Barely a day passes without a lender announcing that it has decided to join the flexible loan bandwagon. This new-found love affair with the term "flexibility" is part of a belated recognition by home loan companies that today's borrowers are unlikely to remain in the same jobs for 25 years, with their earnings rising incrementally each year until retirement.
The real question is: just how flexible are such packages? And is it really possible, as many of them are claiming, to save money compared with more traditional mortgages?
One place to start is with the amount you can borrow. Traditional "interest only" and "repayment" loans lend up to a maximum percentage of the value of the property being purchased. This loan to value (LTV) can go as high as 100 per cent for first-time buyers, with most lenders offering 95 per cent as a maximum.
Most flexible loans set this LTV far lower, at 80 per cent of value. According to Ian Darby, marketing director at mortgage broker John Charcol: "This tends to filter out first-time buyers and the less well off. These loans are intended for older professionals, established in careers, with high earnings, and perhaps looking to remortgage."
Flexible loans account for only an estimated 5 per cent of all mortgages taken, offering few discounts or fixed-rate deals. Yet, as Mr Darby points out: "Discounts and cashbacks can account for up to 6 per cent of the value of a conventional mortgage. This is hard to beat."
If there is money to be saved with a flexible loan, it depends on the use borrowers make of any early repayment options, and the basis on which these accounts calculate interest saved by early repayment.
According to Stephanie Jaguer, at Mortgage Express, one flexible loan provider: "Anyone with money to deposit, paying tax on the interest earned, should use their cash to reduce their borrowing. You pay no tax on the interest saved."
It is this "saving" - through the untaxed interest that is no longer paid on the amount of repaid loan - that makes flexible loans good value.
Even a basic-rate taxpayer with money on deposit will be hard put to find net returns better than 3 or 4 per cent. With an average variable mortgage rate at 8.48 per cent, using a cash deposit of pounds 10,000 to reduce borrowing will leave you between pounds 400 to pounds 500 better off.
Figures by UCB Home Loans show that on a loan of pounds 50,000, with flat rate interest of 8.69 per cent calculated daily, repayment of interest and capital over 25 years will cost a total of pounds 122,590. Repayment over 15 years will cost just pounds 89,470, a saving of pounds 33,111. So there are good reasons for making early repayment a priority.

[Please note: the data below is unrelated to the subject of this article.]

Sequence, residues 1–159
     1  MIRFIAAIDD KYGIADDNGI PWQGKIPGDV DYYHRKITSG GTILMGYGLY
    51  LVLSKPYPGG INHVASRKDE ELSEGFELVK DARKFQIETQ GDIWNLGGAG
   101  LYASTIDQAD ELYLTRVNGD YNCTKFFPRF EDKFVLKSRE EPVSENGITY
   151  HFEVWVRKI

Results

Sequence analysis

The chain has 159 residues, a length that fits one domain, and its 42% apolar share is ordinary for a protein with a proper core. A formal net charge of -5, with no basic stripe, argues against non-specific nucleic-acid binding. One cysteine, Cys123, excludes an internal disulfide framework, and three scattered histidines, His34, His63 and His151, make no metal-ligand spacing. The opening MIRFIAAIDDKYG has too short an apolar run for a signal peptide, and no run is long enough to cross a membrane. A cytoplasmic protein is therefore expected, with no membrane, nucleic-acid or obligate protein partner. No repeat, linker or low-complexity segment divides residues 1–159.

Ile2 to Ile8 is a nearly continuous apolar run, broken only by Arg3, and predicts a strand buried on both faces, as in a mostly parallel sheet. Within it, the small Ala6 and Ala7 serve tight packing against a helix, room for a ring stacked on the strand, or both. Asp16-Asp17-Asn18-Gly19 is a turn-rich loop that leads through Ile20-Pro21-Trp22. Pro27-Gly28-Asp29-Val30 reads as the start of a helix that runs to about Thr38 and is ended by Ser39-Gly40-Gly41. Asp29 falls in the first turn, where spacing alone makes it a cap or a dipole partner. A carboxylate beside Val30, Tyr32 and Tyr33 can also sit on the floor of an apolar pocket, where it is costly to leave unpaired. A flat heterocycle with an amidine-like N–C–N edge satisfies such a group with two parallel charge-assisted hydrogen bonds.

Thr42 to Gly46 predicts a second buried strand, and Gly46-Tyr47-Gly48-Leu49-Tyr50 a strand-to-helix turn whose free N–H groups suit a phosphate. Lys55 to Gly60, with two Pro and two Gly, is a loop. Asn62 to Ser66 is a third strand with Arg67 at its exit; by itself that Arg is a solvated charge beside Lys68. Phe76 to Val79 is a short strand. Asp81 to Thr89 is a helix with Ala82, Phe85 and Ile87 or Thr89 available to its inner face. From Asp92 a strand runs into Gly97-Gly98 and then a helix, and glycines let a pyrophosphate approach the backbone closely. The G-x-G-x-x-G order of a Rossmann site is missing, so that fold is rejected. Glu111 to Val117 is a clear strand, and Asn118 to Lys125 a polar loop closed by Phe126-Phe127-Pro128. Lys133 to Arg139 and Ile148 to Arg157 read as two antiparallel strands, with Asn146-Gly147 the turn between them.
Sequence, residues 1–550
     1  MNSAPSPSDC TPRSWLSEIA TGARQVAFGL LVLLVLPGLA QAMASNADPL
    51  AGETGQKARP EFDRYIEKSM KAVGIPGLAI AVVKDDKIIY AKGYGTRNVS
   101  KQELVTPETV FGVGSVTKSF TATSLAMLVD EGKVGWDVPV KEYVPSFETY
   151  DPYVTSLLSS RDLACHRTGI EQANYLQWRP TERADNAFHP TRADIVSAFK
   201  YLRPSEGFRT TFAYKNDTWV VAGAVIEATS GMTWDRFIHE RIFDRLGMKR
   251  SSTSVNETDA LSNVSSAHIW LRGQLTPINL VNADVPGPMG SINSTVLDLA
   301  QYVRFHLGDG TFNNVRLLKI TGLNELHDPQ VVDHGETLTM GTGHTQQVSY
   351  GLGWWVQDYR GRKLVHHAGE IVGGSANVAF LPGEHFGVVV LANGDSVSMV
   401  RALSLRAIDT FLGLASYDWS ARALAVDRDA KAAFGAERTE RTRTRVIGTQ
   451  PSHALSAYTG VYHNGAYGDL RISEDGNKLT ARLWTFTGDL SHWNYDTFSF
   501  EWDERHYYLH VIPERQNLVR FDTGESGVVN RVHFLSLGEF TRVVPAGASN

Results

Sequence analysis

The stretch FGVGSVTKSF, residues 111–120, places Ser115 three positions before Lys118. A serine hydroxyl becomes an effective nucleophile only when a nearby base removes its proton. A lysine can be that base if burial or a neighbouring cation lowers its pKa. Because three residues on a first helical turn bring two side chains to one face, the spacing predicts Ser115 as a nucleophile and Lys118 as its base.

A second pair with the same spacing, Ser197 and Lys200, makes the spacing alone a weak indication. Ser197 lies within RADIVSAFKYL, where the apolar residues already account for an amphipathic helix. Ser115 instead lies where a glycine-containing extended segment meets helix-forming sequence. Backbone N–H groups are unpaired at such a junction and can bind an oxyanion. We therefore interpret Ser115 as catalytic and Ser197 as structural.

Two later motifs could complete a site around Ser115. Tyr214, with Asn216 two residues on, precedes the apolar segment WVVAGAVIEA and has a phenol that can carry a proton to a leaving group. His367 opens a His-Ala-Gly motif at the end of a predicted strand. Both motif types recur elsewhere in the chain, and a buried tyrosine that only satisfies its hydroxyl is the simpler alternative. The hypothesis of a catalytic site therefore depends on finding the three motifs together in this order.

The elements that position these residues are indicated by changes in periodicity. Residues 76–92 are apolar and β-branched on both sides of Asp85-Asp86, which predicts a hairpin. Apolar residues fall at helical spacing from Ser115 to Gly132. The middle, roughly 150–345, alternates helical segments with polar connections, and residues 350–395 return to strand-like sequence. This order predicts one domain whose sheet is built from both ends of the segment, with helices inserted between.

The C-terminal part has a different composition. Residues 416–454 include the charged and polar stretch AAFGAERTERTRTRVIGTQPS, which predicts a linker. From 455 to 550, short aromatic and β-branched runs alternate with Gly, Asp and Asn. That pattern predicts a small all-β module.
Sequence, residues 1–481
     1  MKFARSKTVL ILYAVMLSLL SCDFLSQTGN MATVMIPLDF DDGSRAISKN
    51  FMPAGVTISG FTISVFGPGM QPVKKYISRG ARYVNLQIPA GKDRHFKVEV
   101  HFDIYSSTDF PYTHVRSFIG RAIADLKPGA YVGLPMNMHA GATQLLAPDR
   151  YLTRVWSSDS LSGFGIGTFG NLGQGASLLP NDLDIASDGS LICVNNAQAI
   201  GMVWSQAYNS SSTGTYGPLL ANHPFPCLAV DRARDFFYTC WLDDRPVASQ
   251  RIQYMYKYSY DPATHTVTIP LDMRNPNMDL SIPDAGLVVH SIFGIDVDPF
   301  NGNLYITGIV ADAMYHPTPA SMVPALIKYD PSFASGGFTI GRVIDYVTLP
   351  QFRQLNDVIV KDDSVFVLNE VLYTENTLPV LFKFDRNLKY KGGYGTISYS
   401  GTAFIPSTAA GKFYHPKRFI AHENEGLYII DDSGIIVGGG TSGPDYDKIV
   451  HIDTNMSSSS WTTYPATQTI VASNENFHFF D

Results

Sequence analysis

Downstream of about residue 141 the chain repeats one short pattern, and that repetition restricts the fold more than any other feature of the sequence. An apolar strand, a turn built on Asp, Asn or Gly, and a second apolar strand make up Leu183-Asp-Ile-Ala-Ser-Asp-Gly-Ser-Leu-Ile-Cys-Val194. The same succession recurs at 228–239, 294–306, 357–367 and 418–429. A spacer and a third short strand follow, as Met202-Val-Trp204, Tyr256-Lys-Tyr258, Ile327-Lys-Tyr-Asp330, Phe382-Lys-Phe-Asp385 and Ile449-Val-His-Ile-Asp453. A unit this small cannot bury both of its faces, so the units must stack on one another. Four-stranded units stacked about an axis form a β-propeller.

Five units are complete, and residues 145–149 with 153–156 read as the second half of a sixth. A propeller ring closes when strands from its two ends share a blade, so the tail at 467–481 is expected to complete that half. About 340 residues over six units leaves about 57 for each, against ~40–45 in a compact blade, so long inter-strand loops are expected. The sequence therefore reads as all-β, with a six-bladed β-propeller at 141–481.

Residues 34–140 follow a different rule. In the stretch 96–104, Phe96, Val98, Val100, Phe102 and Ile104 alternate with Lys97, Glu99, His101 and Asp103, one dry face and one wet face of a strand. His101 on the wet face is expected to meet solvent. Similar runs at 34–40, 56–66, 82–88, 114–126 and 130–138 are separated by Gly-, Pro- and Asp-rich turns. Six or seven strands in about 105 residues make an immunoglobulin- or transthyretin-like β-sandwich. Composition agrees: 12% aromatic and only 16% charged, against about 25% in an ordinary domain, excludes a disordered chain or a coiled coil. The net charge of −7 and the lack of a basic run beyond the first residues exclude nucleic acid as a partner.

Most traditional mortgages allow early repayment of some or all of the amount owing, but many ask for minimum amounts of pounds 1,000 or more. Mortgage Express will accept far lower minimum repayments of just pounds 25 with their flexible mortgage, with other lenders imposing minimums of pounds 500, and only a minority going up to pounds 1,000.
Early repayment can save you money, but what about the basis on which interest is charged? Most flexible loans levy the lenders' full standard variable rate of interest, but charge interest on your outstanding balance daily or monthly. Much is made of savings from this by comparison to accounts where interest is charged on an annual basis.
On the same terms as above, UCB Home Loans calculates the saving on daily against annually calculated interest over a 25-year term as just pounds 1,485. This becomes more important if during the year borrowers make lump-sum repayments to reduce their mortgage debt. On the annually charged basis, interest payments will not be reduced until the end of the lenders' accounting year, but on a daily basis, there will be an immediate reduction.
Using your cash to reduce mortgage borrowing sounds fine in principle, but may leave you strapped for cash in practice. Most new flexible mortgages will let you borrow money back - this is known as "drawdown" - at standard variable rates.
Virgin's One account offers this facility, and its marketing director Martin Campbell explains its appeal: "Our standard variable rate is cheaper than other sources of consumer credit, and the account will represent a real saving for those using personal loans, conventional overdrafts, and credit cards."
This is certainly true, but one criticism of "drawdown" is that some borrowers will defer paying off their mortgages, and instead use their homes as a source of consumer credit.